Maritime Security Regulations
The U.S. Maritime Administration (MARAD) released its quarterly report on port and shipping safety and environmental protection. This report discusses the latest session of the IMO Marine Environment Protection Committee; the bill to reauthorize the Transportation Equity Act for the 21st Century (TEA-21); the Coast Guard’s interim maritime security regulations; and the OECD report on Security in Maritime Transportation.
The U.S. Coast Guard released its annual Port State Control Report for calendar year 2004. During the year, 7,241 individual foreign ships made 72,178 calls at U.S. ports. The Coast Guard conducted 11,054 safety examinations of these ships. The detention level of 2.43% was higher than 2003, but lower than 2002. During the six month period in which the maritime security regulations were in force during the year, the agency conducted 6,087 security inspections, but detained, denied entry to
The U.S. Coast Guard issued voluntary screening guidance for owners and operators of vessels and facilities regulated under parts 104, 105, and 106 of the maritime security regulations. The guidance addresses screening of persons, cargo, vehicles, and baggage prior to allowing access to the vessel or facility. Details of the guidance are classified as security sensitive information (SSI) and will only be provided to those with a need to know. NVIC 06-04 (HK Law).
Navigating through U.S. Maritime Security Requirements By Dennis L. Bryant Senior Maritime Counsel Holland & Knight, Washington, D.C. The U.S. Maritime Transportation Security Act (MTSA) imposes various maritime security requirements on operating in waters subject to the jurisdiction of the United States. Maritime security regulations promulgated by the U.S. Coast Guard implement some (but not all) of the MTSA requirements and impose some additional requirements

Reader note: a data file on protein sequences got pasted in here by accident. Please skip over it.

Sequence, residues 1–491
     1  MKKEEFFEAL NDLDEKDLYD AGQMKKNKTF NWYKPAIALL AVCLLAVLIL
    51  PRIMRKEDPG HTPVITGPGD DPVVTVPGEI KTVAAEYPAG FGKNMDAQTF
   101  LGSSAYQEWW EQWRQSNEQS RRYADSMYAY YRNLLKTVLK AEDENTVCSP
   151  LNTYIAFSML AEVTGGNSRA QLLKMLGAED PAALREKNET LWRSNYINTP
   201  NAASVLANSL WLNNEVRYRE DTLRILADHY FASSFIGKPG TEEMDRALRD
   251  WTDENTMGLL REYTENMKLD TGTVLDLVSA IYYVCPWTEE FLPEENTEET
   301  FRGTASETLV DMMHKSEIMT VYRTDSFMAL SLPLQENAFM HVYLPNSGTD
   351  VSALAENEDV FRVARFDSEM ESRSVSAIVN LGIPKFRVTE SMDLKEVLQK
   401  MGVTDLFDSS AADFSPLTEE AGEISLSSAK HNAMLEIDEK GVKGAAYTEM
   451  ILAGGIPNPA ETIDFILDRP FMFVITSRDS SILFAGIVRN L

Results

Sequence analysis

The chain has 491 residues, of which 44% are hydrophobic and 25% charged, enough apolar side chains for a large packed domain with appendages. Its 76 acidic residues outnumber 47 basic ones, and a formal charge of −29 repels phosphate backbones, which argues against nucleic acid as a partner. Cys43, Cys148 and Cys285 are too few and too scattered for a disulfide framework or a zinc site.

After the tragic events of 9/11, the United States faced the challenging task of creating new rules and policies to protect the homeland. In addition to many other actions, Congress and the Department of Homeland Security responded by passing and implementing the Maritime Transportation Security Act (MTSA) of 2002. The MTSA is a significant piece of legislation and its regulations affect nearly every member of the maritime community,
It is expected that the USCG will begin stepping up compliance measures and holding companies more accountable to the codes and regulations of the Maritime Security Act of 2002 (MTSA). The anticipated actions by the USCG, combined with the current cost of normal security procedures, will make it increasingly more difficult for companies to balance compliance with manageable security budgets. In addition, companies that lack the knowledge and experience to maintain full compliance run the risk
By Dennis L. Bryant Senior Maritime Counsel, Holland & Knight The U.S. Coast Guard issued its final regulations implementing the Maritime Transportation Security Act of 2002 (MTSA). These regulations replace the interim rules issued on July 1, 2003 and take into account comments received thereon. Few substantive changes, though, have been made. The majority of the changes are in the nature of clarifications. The submission date for security plans was changed from December 29 to
By Jonathan K. Waldron During a visit to Charleston, S.C. last month, President Bush touted his proposed 13 percent budget increase for homeland security with U.S. ports being a primary priority. The visit came just six months before these facilities must implement several domestic and international requirements intended to add additional layers of defense and protection from potential terrorist acts. These provisions are contained in the Maritime Transportation Security Act of 2002 (MTSA)
Last week, the International Maritime Organization's (IMO's) 'Diplomatic Conference on Marine Security', held in London in parallel with MSC 76, adopted new Regulations to enhance maritime security through amendments to SOLAS Chapter XI, which now includes a new International Ship and Port Facility Security (ISPS) Code. On Monday this week, Lloyd's Register held the first in a global program of practical seminars aimed at helping the marine industry understand the implications of the